In February 2015, Canada counted 22 LNG liquefaction plant projects – of which 17 are located in British Columbia – representing a total design capacity of 325 mmtpa. Canada has the potential to become a major LNG exporter but no project has received Final Investment Decion (FID) so far. Competition with US brownfield projects with innovative business models have limited the commercial appeal of many Canadian projects relying on oil indexation. More recently, plummeting oil prices have put into question their profitability and lead to several postponements of FID reviews. This paper discusses the potential for Canada to export LNG, looking at the initial enthusiasm and wide support by public authorities and local communities but also at the economic challenges and commercial issues that are slowing the progress of these projects.
In 2013, Canada owned 2,028 Bcm of proved natural gas reserves and in 2012, remaining marketable gas resources were estimated to exceed 30,000 Bcm, located mainly in the Western Canada Sedimentary Basin. In 2013, natural gas consumption grew due to higher demand from the tar sands industry and reached 90 Bcm, while the marketed production rebounded slightly to 145 Bcm after 10 years of continuous decline. Net exports to the United States, the only export market for Canadian gas, kept decreasing to 55 Bcm. In the future, consumption is expected to grow at a slower rate than production and net exports to the United States to keep declining. As a consequence, LNG appears to be an ideal solution to monetize gas and to unlock these large resources. However, CEDIGAZ does not expect material LNG exports to start before 2021, but they could reach 34 mmtpa by 2035.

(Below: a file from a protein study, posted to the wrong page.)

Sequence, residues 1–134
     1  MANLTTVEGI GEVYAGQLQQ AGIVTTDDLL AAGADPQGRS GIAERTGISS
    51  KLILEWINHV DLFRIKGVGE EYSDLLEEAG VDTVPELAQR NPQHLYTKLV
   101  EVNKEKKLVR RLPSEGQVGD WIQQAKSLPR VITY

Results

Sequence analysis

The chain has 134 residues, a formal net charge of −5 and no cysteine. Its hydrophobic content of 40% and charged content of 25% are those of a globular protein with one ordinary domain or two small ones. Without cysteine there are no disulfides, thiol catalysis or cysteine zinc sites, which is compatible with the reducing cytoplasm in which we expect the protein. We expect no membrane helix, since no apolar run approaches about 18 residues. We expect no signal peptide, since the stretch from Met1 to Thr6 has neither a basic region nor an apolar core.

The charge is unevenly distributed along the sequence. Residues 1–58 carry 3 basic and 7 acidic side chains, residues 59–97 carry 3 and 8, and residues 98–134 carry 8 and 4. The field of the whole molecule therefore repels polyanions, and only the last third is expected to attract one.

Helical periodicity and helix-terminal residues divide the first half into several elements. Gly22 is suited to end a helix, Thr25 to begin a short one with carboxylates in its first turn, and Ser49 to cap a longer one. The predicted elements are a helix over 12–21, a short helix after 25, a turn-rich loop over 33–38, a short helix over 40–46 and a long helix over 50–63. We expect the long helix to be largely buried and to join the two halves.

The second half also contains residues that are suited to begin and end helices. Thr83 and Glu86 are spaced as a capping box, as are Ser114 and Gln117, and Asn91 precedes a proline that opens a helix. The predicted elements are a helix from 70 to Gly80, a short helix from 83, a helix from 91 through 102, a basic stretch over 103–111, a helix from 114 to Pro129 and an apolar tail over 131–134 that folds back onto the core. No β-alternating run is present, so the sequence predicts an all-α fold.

Since the very beginning of the wave of LNG project proposals, Canadian federal and provincial authorities have appeared very supportive. At the provincial level, the government of British Columbia has multiplied initiatives to favor the emergence of a LNG industry, including by lowering its proposed LNG income tax act to enhance competitiveness and financial viability. On the federal side, applications to export LNG are granted by the National Energy Board without restrictions and the environmental assessment process was simplified in 2012. In addition, First Nations are cooperative overall and 8 of them (out of 20 impacted by LNG projects) have already signed revenue-sharing agreements with proponents.
However, the development of projects has been slowed by uncertainties regarding the economics of the projects and difficulties in signing sales agreements. For a typical BC LNG plant the break-even Asian sale price has been estimated at $11.8/mmbtu by CEDIGAZ in the base case scenario, which corresponds to a JCC price of $81/bbl for oil-indexed contracts with a 14.5% oil slope. The low case break-even price is $8.6/mmbtu while the high case price is $16.1/mmbtu. Considering oil long term price trend, Canadian projects should be profitable but will probably remain less competitive than US-produced LNG indexed on Henry Hub spot price.
Based on six objective criteria, CEDIGAZ has identified a group of four front-runner projects which, as of February 2015, stand the best chances to succeed: Pacific NorthWest LNG, Goldboro LNG, LNG Canada and Douglas Channel LNG. The second group is composed of seven projects, dubbed challengers which are less advanced, but still have some chances to succeed. The third and last group contains the projects with the least chance of success as things currently stand.